"Broils" isn't quite the right word. "Burns like the fires of hell" is more like it. This broiling unit puts most salamanders to shame: it gets blistering hot within two or three minutes and cooks four or five times more rapidly than our old gas broiler. First time I used it for meal prep I nearly burned down the house.

Chris Amirault

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Sir Luscious got gator belts and patty melts

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  • 2 weeks later...

Thanks, Sam.

Does anyone have any ideas for period spot lighting? We've replaced this light with one more conducive to the kitchen's overall design:

4553189224_709a6171c1_o.jpg

However, the light isn't bright enough for that counter, and I do most of my prep work there with my back to the fluorescent light above. I'd like to avoid attaching something to the cabinets if possible, but if it were just right I'd go for it.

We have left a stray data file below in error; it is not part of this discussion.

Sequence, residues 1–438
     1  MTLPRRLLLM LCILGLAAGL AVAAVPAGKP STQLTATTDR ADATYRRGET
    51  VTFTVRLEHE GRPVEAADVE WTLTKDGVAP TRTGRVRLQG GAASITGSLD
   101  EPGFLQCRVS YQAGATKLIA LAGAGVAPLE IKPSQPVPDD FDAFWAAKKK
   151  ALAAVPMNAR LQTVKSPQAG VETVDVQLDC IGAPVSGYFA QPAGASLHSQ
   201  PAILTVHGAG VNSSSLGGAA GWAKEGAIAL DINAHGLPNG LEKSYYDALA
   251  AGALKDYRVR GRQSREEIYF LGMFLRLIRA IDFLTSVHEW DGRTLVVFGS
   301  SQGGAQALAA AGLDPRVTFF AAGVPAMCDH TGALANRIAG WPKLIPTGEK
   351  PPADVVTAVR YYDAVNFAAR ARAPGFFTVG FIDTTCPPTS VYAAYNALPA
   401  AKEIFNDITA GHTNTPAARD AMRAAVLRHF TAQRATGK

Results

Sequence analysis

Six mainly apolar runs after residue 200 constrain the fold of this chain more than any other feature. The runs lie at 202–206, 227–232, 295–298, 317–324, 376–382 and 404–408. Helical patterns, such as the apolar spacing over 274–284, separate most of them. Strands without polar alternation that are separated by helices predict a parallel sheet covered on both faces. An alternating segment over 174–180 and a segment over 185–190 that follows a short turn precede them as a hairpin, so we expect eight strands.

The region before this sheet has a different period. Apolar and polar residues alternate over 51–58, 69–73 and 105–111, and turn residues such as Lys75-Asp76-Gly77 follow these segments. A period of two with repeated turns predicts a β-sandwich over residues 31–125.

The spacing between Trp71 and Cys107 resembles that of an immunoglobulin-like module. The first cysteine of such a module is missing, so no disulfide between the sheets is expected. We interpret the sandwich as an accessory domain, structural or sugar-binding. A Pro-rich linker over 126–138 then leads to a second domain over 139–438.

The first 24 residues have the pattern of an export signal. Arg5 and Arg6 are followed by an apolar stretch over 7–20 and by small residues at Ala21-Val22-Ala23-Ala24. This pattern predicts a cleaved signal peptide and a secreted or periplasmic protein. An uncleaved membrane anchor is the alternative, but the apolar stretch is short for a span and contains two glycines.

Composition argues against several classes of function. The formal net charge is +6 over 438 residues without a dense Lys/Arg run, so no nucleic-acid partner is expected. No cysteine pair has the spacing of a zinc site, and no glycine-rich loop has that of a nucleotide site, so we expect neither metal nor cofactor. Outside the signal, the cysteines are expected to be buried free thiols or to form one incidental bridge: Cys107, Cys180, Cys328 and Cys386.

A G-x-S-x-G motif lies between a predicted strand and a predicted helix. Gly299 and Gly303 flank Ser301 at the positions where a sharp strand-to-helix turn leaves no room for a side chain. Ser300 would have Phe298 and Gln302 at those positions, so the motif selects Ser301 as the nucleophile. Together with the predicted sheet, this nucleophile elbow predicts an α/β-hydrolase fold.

Chris Amirault

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Sir Luscious got gator belts and patty melts

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It shouldn't be too difficult for an electrician to install one of

these light bars

I replaced a ceiling fixture in my pantry with one like this.

I replaced a rather ugly surface mount ceiling fixture in my laundry room with

this one

(now out of stock)

Both produce a lot more light than you would expect for the size of the (halogen) bulbs.

They are really designed to go with mid-century modern.

"There are, it has been said, two types of people in the world. There are those who say: this glass is half full. And then there are those who say: this glass is half empty. The world belongs, however, to those who can look at the glass and say: What's up with this glass? Excuse me? Excuse me? This is my glass? I don't think so. My glass was full! And it was a bigger glass!" Terry Pratchett